Some might say that he thereby lacked originality.  This may be somewhat true.  But it is also universal.  Even James Joyce when he wrote his stream of consciousness in Ulysses is using Homer for his plot basis.  And to the extent that Ulysses is original it is also a failure as literature.  Every writer borrows from the past.  He has to.  As Solomon said, there is nothing new under the sun.  The trick is making it new and making it your own.  I think Heinlein was well within fair usage.

Coming back to the question of what Heinlein was, I believe he was the right man at the right time.  He was an intelligent, literate American at just the moment in the American Century when science fiction was becoming mainstream and relevant to the culture.  Atomic bombs and space craft were crossing over from science fiction to front page headlines.  Science fiction readers were seeing their stories become respectable and even literary.  Legitimate periodicals included some of the more refined writers between the glossy covers.

Will we see his like again?  I would have to say no.  Not so much because he was some towering genius, but because the times have changed.  No one would mistake our present culture for 1930s America.  Even in the depths of the Great Depression there was an optimism and solidarity that just doesn’t exist anymore.  Authors today reflect that despair.  And maybe that is interesting to some, a sort of decline of the Roman Empire sensibility, but I don’t think it lends itself to good storytelling.  Even in the most realistic story I think you need something beyond fatalism and ennui.  Otherwise it feels like the story is not even worth your time to read.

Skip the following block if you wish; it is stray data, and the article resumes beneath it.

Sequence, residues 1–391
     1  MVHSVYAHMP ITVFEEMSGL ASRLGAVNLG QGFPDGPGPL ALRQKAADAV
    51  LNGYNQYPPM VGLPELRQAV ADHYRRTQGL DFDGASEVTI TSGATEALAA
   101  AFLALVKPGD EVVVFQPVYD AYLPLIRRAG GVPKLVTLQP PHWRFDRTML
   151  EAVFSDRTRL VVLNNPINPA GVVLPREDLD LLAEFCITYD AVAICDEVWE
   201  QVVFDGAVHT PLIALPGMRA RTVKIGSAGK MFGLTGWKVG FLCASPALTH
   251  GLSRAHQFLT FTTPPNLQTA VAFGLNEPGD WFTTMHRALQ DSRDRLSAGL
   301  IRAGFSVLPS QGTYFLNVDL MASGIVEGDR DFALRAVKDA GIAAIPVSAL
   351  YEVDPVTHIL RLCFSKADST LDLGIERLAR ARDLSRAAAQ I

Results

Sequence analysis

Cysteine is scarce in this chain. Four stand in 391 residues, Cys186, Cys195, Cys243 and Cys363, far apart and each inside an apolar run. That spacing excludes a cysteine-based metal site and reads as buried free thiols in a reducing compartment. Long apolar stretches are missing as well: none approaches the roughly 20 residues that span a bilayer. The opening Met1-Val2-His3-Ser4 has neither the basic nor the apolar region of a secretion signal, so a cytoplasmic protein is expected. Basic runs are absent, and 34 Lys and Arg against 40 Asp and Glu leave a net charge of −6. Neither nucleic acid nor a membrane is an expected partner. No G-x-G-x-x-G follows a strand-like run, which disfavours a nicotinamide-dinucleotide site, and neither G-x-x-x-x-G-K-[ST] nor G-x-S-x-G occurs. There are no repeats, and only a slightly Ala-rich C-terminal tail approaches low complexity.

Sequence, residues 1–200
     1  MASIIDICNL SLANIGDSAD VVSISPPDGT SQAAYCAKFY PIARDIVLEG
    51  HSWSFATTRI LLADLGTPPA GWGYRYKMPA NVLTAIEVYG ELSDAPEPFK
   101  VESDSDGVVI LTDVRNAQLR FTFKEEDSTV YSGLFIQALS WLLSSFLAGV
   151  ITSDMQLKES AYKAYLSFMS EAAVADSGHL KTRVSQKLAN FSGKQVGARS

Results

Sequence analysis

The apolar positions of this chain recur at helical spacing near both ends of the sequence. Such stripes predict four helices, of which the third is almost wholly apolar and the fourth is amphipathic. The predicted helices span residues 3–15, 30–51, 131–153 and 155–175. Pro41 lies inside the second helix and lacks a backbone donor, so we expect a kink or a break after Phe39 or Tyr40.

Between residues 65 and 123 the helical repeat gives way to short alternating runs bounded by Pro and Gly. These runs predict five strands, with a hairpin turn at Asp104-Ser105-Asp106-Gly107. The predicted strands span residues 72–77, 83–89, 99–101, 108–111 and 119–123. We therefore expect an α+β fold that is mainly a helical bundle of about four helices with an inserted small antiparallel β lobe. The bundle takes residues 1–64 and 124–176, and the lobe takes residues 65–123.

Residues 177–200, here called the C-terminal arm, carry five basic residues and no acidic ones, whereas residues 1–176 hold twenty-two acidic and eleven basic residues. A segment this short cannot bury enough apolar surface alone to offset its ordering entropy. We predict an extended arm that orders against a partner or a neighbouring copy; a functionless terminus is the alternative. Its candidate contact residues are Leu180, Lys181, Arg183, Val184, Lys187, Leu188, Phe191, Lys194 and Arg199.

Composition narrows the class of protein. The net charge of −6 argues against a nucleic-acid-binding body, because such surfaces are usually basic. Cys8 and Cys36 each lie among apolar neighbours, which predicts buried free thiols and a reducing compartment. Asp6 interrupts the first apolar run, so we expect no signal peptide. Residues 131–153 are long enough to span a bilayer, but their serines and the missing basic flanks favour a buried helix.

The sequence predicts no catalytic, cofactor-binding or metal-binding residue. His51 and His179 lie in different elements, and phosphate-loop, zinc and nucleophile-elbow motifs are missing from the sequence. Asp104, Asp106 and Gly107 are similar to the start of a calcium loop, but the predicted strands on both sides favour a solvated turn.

But, of course, maybe a change is just around the corner and an American renaissance is on the horizon.  Well, if that’s the case, I better reread Green Hills of Earth.  Delilah and the Space Riggers?  Sure why not?

Galaxy’s Edge – Galactic Outlaws – A Science Fiction Book Review